We could not but be surprised at the smallness of this cockpit in which three nations battled. From the cliff at Cape Helles to the top of the impregnable Achi Baba was only 5-1/2 miles. The distance straight across the Peninsula at the firing line was not more than 3-1/2 miles. On our flanks we were shut in by cliffs along the Aegean Sea on the left, and along the Dardanelles on our right. Every acre of ground we held was dominated by the hill in front, about 720 feet high.
Our right flank and the vitally important landing places, "V" Beach and "W" Beach (Lancashire Landing), were under observation from Asia, less than three miles away at its nearest point. Somewhere across there on the Plains of Troy the Turks had at least one big gun to harass us, "Asiatic Ann" we called her, probably a gun dismantled from the Goeben. Their 6 in. guns on Achi Baba could reach any part of the Peninsula they choose.
The ground we stood on sloped gently up to the hill, pleasant arable land with here the remains of a farm and the trampled crops around it, there an olive grove and fig-trees or battered vineyard. Elsewhere was scrub and, in those early months, sweet-smelling and aromatic plants and flowers round which bees hummed and butterflies hovered in the heat.
The Peninsula was rent by three great ravines; the Gully with its precipitous banks on our left, and the Krithia and Achi Baba nullahs in the centre. In the dry season only a gentle flow of water trickled down these courses, leaving enough room for a path or even a roadway to be beaten out by which men and rations and stores could be got forward unobserved by the Turk. Their banks were honeycombed with crude dug-outs (mere scrapings in the ground with a waterproof sheet or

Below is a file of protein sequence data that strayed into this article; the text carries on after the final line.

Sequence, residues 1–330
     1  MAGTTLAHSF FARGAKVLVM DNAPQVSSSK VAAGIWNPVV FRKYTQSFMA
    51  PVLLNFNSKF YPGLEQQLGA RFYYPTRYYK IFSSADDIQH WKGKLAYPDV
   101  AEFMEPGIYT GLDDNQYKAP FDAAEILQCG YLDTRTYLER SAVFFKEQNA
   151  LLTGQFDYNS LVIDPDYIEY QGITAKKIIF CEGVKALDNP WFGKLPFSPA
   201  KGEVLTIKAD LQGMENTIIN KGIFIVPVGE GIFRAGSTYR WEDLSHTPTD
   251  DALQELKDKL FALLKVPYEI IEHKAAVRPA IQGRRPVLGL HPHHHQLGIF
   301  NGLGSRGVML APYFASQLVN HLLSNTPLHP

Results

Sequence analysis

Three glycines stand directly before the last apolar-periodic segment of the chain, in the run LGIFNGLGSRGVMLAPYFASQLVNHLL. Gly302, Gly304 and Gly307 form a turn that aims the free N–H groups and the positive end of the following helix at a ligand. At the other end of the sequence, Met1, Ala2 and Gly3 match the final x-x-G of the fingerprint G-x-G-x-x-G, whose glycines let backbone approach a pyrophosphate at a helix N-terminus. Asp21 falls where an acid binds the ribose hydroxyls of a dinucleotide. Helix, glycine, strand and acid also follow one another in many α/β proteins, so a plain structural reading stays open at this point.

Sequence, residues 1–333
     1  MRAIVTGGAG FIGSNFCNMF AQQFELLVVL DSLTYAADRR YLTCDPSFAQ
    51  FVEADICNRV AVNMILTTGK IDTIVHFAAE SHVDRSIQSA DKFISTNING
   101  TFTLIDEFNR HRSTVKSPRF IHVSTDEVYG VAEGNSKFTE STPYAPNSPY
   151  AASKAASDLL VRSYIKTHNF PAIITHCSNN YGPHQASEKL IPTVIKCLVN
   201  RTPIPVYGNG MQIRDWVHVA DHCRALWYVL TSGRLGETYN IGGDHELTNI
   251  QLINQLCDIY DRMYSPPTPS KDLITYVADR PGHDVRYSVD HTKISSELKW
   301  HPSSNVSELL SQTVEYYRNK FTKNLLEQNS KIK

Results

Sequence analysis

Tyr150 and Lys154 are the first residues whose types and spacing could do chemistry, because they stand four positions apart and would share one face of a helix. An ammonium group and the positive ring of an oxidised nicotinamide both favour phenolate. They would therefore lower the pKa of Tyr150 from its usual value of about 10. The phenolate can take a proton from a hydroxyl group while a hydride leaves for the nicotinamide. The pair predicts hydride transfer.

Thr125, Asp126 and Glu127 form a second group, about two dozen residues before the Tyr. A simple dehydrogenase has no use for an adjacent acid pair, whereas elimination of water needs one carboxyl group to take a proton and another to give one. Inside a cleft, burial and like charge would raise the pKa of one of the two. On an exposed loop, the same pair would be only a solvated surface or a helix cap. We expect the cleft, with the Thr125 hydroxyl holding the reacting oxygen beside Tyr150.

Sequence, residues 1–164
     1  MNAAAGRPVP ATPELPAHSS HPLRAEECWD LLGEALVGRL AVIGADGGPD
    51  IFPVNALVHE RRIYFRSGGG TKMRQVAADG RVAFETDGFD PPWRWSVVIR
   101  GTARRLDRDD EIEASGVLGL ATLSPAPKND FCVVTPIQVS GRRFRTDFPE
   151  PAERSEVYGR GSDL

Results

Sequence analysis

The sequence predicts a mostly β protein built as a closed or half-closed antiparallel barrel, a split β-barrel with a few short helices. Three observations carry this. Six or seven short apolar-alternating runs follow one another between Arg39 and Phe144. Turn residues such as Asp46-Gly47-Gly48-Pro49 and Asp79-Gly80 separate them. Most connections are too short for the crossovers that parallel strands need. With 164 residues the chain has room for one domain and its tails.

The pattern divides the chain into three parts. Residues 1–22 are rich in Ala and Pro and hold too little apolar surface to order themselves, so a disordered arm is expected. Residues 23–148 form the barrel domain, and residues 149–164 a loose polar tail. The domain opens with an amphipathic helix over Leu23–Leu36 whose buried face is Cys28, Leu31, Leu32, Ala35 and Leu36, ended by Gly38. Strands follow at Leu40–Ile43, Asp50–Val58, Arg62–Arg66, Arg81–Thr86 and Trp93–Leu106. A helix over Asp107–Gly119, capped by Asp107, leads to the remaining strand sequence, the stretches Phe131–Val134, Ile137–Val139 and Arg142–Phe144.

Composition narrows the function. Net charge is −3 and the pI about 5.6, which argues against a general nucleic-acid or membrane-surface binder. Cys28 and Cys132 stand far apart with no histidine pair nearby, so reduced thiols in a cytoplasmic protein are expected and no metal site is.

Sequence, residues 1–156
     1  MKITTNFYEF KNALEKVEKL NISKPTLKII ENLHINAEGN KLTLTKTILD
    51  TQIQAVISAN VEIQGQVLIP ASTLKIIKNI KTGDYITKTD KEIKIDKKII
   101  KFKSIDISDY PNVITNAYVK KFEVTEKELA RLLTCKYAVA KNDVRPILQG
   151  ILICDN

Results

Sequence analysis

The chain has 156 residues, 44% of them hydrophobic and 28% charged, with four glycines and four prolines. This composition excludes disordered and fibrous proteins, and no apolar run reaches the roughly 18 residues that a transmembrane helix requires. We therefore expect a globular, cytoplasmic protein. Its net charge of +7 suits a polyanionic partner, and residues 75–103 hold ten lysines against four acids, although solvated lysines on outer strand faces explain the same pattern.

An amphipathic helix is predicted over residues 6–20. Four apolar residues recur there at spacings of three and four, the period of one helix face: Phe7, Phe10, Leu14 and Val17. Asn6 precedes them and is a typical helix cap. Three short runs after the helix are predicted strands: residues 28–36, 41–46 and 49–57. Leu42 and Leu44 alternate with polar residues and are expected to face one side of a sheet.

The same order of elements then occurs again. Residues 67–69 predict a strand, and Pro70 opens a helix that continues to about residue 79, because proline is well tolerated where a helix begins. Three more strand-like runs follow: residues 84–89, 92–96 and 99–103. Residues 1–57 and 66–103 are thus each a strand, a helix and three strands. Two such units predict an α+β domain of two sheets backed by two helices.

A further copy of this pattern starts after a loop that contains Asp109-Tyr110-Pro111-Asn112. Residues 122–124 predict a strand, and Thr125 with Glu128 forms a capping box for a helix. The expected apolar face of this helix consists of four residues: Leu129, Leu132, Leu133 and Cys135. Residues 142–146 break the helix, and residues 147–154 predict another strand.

blanket for covering) in which men sought protection from shell-fire and relief from the pitiless sun.
Monday, 5th July, was a Turkish Holy Day. Under the personal direction of Enver Pasha, or rather Enver Bey as he then was, the enemy marked the occasion by making a most determined attack. The brunt of it fell upon the 29th Division.
We who were in support were awakened before daybreak by continuous artillery and rifle fire which ominously increased in volume. At 4.30 a.m. the Battalion was ordered to hold itself in readiness to proceed in support of the 29th Division. Breakfasts were hurried on and an extra 50 rounds of ammunition was issued to each man.
Our position came under the enemy's shell-fire, and we were heartened by the very spirited reply put up by our artillery, particularly "L" Battery R.H.A., of Mons and Le Cateau fame, firing from our immediate left front.
Walking wounded from the firing-line began to pass through our trenches. From these we learned that the attack was being well held, and that the Turkish infantry coming on with fanatical shouts of "Allah, Allah!" was being mowed down by rifle and machine-gun fire.
The enemy realized his defeat, and about 9 a.m. the firing died away.
During the morning two of our men were wounded, one by a spent bullet, the other by shrapnel. Later on in the day the Battalion was ordered forward for an instructional spell in the front trenches.
Guides from the 29th Division arrived before dusk and at nightfall we set off, moving in column of route as far as Fig Tree Farm. From thence we passed in file up the Eastern Mule Track and through a labyrinth of trenches to a ruined cottage near Twelve Tree Copse. This was the Headquarters of the 87th Brigade, and here the Battalion was split up, "A" Company going to the trenches of the 1st Battalion Dublin Fusiliers, "B" to the 2nd Royal Fusiliers, and "C" to the 1st